It was obvious that I was the first literate person ever to be caught in this Canadian Superstore. My thoughts of equality were interrupted as the words blurred. A swell of urine claimed my attention as it pushed against the inner walls of my bladder. I stomped on the ground, chewed my tongue, keeled over in pain. Nothing can distract you from the feeling of an organ inflating beyond its confines. It was torture – this was inhumane. I rose enraged, I needed to get out, I slammed my urine filled fists and shins and head and legs against the cells’ walls and yelled indignant protests like, “This is against my rights, it’s inhumane, let me out!”

After about five minutes, I had gotten their attention and they barged in and pushed me to the floor. The stockier security guard told me to shut the fuck up and motioned with his elbow smashing his palm what would happen to my face if I kept up the raucous. I laughed at him and pointed to the camera, my mechanical witness. He told me he’d just turn it off. I said touché.

Alone again, the piss was too much to bear. I knew if I just started spraying my cell I’d go down for pissing in public. Finally they entered again, somehow defeated, or suddenly aware of the illegality of their actions and directed me to the urinal. This release needs no explicit description – most have felt the divinity of peeing when held for much too long.

While I shuddered on the last few drops, I noticed I could smell weed. So I spent my few minutes alone searching my pockets, making sure I was clean. Empty. It must be my jumper I thought. Satisfied with my innocence I slinked back to my cell.

So the deal was if I gave up Cool Jim they would call the cops and fast track the process, but if I held out they would keep me indefinitely. At this stage I was indifferent, I’d missed Red Jesus and Turner at the airport, I’d sat alone for three hours, gotten bullied by high school kids, I’d seen two other offenders come and go, I’d made paper cup towers, read every inch of graffiti on the walls and had the best pee of my life – I could wait.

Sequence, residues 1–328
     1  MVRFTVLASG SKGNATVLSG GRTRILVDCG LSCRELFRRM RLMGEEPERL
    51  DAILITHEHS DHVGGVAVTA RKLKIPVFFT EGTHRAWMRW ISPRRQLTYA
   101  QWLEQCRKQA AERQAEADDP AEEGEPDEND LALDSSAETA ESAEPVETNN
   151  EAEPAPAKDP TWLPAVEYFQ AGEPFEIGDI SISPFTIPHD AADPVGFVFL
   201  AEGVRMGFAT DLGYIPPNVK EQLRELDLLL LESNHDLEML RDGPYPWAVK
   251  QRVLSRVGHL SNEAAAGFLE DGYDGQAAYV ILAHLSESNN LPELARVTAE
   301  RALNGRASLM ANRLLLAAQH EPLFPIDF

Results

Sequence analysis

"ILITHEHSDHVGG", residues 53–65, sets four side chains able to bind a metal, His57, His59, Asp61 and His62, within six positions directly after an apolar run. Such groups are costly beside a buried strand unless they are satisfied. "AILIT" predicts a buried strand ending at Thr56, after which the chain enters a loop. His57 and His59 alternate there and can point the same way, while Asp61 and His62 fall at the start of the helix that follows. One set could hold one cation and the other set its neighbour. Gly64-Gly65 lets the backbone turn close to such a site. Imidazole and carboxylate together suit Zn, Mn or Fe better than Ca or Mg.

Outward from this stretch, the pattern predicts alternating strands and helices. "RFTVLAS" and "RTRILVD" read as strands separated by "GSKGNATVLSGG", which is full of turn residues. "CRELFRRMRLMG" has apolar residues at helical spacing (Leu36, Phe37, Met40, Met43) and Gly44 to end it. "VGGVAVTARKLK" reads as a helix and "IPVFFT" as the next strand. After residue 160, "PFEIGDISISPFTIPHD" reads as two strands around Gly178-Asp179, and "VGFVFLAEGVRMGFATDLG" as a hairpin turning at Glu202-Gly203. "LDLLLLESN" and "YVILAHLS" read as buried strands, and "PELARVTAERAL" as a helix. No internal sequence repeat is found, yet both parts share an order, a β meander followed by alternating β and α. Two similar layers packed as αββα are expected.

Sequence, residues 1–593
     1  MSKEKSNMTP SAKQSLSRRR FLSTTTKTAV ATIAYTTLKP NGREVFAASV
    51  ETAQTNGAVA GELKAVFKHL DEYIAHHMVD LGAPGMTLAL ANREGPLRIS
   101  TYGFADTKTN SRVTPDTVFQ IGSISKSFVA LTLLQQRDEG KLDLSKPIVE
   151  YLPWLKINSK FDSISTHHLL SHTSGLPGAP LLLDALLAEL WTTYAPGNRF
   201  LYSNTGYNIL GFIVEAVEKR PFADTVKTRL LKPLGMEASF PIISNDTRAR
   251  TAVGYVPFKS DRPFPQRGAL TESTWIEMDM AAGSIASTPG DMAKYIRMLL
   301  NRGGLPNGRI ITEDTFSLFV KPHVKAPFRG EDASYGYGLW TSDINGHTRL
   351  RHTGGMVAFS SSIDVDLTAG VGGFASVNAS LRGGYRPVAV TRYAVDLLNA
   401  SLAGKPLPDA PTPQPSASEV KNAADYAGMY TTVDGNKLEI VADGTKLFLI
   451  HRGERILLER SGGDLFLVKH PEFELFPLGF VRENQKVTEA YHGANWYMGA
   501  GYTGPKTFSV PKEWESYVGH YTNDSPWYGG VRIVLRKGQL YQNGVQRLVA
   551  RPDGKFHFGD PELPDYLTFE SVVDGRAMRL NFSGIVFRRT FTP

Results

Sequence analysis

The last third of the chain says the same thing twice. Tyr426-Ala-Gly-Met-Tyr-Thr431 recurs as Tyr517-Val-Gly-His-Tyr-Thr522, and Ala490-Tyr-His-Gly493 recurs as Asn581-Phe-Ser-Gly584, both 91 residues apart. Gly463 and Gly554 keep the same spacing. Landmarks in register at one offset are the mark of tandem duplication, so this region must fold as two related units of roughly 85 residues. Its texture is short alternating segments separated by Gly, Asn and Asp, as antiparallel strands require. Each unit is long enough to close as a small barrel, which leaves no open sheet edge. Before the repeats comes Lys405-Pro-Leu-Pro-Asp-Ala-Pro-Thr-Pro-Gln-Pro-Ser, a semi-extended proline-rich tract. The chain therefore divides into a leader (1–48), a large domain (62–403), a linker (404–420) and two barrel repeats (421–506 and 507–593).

After four hours, a cop entered the lonely room, told me to stand up and slapped on the handcuffs. He had seen the surveillance tape of me chucking a tantrum and wasn’t impressed. He told me to apologise to the meatheads. I refused, pleading my case of maltreatment, of how they wouldn’t let me pee, but he didn’t give a fuck, he just got angrier the longer I challenged his authority. So I gave in and apologised to the smirking fucks.

He searched my pockets, pulling out my wallet, some loose change and a pack of smokes. Of course, within seconds, he had found the origin of the weed scent: the doobie in the pack of cigs I’d forgotten. Fucking Cool Jim’s doobie in the pack that I’d forgotten, actually. I tried to reason with the cop, blaming the doob on the random nameless dude I’d met that day in a bar who had tricked me into going stealing with him.

I laughed at the absurdity of my case as I spoke.

So he dragged me around the shopping centre behind his moral chariot, shoved me into his cop car and drove me to the station. At the station he tried to bargain with me, offering to put the doobie in the bin if I gave up Cool Jim. I continued my lies and he put it in the bin anyway. Later I found out that in Canada you are legally allowed to hold an eighth and that he was just manipulating me, like the security guards, all to nab Cool Jim.

I got fingerprinted, they cut off my Glastonbury wristband, fed me a pie, asked me if I had taken any drugs because my pupils were huge from fear. I sat for an hour in a cramped cell, shutting out manic, echoing yells from my cells mates that I could not see, thinking about not stealing, realising that consequence is an inherent part of action. They then ushered me out into the cold night and told me where to catch the bus home. It took an hour and a half to get home, it would have been shorter but I stopped to pick up 8Ls of cider.

When I got back Red Jesus, Turner and Cool Jim were waiting for me. I sat down, sculled two cups of cider and told them what I have just told you.